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Springsteen, Bruce (Frederick Joseph)(1949– ) musician; born in Freehold, N.J. A self-taught guitarist, he began performing with a local high school group, the Castiles, in 1965. Over the next five years, he was a sideman in several Asbury Park, N.J., bands before forming his own ten-piece group in 1971 and signing with Columbia Records the following year. Promoted as the new Bob Dylan, his highly-anticipated debut album was released in 1973, but not until his third album, Born to Run, released amidst a hail of publicity that included cover stories in Time and Newsweek, did he enjoy widespread commercial success. Contractual disputes prevented him from recording for the next three years, during which time he developed his celebrated live shows and honed his image as a grass roots musician with working-class values. He resumed regular recording activity in 1978, and by the mid-1980s he had become the world's most popular rock star. He had also become a figure of wide populist appeal: during the 1984 presidential campaign, his endorsement was sought, and his album Born in the U.S.A. was quoted by both major candidates. While continuing to record, he gradually reduced his touring schedule after 1985, but made personal appearances at numerous rock benefits such as Live Aid and Amnesty International, as well as local fund-raising concerts in Asbury Park.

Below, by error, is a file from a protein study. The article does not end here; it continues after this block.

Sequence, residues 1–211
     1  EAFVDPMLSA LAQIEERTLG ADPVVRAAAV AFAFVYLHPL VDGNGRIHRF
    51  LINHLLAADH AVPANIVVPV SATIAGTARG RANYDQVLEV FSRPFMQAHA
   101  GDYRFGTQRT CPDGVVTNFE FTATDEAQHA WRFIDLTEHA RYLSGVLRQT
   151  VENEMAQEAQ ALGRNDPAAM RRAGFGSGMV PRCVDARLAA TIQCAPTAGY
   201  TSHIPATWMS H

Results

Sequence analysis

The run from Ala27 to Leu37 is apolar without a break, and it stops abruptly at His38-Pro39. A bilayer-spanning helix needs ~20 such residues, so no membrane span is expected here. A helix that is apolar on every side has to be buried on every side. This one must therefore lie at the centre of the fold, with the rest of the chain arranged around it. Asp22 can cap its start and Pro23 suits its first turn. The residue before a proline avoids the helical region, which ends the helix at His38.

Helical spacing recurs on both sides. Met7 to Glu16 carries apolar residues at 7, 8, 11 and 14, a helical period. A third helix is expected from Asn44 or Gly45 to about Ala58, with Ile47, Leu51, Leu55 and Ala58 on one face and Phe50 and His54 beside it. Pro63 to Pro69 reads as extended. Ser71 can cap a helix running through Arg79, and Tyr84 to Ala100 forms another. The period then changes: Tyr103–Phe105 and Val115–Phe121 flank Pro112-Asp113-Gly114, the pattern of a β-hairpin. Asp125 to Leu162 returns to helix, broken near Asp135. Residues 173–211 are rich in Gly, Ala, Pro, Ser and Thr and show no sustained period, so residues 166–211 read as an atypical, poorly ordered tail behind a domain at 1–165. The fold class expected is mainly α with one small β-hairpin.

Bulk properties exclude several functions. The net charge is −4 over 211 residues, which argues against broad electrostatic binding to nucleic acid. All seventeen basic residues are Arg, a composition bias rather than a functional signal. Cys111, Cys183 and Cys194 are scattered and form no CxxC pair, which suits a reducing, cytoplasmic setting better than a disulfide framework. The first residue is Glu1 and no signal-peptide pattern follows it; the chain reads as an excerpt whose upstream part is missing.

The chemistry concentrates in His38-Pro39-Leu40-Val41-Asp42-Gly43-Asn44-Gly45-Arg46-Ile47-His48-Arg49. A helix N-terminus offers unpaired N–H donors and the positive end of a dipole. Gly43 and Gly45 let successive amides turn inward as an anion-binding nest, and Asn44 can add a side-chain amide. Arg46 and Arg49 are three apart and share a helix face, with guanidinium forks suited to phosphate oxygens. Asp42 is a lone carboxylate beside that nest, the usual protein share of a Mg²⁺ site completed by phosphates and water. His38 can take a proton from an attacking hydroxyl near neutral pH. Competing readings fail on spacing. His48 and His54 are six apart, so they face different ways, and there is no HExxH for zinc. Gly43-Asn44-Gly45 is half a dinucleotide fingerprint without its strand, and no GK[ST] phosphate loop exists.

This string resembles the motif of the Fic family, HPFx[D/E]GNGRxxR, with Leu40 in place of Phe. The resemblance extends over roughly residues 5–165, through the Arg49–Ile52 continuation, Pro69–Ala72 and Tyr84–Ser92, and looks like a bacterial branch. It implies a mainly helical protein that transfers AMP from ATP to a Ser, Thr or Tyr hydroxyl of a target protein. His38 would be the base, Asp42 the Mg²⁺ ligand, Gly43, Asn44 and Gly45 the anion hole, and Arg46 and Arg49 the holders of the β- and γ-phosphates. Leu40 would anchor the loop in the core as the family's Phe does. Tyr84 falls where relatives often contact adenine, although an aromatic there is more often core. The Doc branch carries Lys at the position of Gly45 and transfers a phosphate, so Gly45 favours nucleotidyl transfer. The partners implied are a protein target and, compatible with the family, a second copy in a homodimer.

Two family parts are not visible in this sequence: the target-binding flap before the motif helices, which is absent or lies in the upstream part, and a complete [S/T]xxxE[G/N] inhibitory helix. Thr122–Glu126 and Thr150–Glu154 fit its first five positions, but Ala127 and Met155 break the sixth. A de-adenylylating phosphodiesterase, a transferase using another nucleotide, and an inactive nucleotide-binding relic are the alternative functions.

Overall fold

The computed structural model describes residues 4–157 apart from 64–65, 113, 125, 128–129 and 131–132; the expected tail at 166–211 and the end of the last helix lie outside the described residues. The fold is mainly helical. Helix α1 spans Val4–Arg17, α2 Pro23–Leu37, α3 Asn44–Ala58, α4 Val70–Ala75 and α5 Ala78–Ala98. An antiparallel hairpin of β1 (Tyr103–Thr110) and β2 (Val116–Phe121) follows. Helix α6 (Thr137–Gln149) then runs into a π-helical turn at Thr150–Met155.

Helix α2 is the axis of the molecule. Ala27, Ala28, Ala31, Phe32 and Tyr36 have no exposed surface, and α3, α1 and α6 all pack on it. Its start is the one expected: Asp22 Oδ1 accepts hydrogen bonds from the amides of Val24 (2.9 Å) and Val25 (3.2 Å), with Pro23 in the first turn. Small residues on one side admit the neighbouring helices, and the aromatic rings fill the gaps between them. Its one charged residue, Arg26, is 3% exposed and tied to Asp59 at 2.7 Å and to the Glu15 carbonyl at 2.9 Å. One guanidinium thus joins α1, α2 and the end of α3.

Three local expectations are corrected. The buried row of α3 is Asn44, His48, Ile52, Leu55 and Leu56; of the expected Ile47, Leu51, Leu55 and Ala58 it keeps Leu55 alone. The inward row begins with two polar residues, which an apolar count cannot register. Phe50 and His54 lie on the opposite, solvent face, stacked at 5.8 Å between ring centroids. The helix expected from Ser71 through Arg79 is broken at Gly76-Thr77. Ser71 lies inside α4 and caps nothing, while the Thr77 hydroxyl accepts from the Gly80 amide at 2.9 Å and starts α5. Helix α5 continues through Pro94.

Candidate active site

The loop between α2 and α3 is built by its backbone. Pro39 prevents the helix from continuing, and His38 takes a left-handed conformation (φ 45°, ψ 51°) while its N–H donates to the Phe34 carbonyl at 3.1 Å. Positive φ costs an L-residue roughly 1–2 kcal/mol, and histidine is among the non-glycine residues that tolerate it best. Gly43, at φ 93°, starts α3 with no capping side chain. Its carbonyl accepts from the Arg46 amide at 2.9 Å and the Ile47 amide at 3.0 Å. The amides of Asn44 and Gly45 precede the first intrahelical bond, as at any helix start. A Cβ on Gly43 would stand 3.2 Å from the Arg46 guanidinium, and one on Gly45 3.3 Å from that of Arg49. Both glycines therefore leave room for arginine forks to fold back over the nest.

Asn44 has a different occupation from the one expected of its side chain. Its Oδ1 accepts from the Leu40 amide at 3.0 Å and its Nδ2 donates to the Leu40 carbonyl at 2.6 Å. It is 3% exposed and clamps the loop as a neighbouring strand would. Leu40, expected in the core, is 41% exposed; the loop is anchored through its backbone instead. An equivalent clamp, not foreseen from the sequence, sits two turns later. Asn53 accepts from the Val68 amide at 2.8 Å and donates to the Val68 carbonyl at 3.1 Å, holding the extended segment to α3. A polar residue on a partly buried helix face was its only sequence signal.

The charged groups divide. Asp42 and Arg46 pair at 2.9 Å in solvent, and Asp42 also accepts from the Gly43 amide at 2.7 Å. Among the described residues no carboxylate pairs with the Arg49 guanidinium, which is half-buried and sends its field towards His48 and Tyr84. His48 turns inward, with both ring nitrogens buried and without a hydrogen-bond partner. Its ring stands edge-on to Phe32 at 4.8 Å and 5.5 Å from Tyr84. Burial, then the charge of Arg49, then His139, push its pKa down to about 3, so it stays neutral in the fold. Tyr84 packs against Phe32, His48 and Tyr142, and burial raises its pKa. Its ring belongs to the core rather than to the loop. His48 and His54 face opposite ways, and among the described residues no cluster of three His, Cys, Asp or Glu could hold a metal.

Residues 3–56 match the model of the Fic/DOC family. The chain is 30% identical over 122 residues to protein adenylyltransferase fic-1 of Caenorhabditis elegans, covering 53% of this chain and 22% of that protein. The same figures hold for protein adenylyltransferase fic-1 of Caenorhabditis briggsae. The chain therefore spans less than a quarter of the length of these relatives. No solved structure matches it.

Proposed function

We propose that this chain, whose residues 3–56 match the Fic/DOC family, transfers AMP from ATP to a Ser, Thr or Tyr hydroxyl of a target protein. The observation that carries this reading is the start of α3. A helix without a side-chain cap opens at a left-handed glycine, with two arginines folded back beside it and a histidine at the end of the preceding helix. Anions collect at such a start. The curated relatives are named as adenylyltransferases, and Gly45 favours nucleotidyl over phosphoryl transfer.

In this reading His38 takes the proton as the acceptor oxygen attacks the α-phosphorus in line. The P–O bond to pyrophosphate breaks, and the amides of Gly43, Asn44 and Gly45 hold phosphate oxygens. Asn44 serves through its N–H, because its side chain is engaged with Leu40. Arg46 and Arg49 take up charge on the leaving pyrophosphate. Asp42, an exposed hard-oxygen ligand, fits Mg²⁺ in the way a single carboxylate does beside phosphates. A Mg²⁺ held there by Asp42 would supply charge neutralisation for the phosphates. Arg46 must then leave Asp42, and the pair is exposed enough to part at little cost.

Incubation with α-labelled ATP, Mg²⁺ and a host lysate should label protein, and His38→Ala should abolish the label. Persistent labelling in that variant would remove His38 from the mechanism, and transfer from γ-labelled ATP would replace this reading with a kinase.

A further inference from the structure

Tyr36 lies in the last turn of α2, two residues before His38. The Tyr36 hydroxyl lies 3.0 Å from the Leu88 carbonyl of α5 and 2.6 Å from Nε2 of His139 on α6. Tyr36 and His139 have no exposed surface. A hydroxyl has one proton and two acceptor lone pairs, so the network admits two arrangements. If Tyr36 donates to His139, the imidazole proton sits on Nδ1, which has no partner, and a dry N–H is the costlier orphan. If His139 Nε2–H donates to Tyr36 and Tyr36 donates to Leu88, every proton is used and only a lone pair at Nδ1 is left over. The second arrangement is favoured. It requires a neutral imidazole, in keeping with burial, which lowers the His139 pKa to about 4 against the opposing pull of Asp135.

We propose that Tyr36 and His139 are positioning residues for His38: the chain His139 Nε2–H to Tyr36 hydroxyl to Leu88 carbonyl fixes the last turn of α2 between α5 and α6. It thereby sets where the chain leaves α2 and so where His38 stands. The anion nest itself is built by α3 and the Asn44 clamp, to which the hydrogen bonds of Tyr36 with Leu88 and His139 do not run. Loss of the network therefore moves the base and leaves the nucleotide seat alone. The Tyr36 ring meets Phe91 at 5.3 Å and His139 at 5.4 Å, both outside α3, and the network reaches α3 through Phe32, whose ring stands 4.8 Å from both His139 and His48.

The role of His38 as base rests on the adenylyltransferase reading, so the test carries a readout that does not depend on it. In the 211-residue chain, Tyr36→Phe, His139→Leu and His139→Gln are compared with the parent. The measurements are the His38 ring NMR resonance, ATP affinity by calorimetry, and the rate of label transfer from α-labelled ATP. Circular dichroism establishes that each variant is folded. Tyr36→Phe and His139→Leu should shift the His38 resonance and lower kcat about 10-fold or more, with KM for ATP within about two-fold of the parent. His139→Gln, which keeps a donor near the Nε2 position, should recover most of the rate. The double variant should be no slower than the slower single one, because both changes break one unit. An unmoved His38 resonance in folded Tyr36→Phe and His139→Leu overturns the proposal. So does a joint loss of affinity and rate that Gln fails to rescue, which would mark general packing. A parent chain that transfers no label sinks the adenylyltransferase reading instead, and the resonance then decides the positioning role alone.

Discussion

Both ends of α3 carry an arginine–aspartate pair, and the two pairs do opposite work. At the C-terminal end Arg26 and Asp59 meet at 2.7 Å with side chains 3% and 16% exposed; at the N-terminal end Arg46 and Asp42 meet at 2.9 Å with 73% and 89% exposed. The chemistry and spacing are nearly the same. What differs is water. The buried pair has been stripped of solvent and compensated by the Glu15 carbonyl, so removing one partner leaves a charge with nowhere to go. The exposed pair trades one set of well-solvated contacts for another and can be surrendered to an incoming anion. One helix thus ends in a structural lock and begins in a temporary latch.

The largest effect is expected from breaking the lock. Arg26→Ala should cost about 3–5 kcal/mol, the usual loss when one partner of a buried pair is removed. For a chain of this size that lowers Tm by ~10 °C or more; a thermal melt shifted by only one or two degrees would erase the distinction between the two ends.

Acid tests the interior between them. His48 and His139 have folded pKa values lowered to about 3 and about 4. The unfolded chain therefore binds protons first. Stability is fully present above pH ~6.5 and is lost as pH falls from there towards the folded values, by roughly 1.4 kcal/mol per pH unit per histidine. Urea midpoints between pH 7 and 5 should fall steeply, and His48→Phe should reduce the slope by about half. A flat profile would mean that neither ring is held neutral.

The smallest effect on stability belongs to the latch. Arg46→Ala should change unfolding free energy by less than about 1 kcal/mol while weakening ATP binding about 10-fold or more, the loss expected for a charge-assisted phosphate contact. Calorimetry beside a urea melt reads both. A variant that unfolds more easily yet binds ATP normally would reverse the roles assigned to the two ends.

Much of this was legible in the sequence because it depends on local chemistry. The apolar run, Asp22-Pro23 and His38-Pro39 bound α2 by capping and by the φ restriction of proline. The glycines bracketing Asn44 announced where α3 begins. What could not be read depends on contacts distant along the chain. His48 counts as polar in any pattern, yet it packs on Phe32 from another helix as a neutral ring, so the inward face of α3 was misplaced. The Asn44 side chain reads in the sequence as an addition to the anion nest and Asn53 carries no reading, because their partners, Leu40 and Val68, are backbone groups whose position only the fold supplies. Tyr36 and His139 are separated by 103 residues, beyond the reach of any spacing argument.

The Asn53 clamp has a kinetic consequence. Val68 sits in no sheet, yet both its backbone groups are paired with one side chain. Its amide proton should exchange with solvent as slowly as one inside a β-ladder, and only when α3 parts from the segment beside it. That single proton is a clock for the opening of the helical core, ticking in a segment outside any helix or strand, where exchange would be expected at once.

The Cambridge Dictionary of American Biography, by John S. Bowman. Copyright © Cambridge University Press 1995. Reproduced with permission.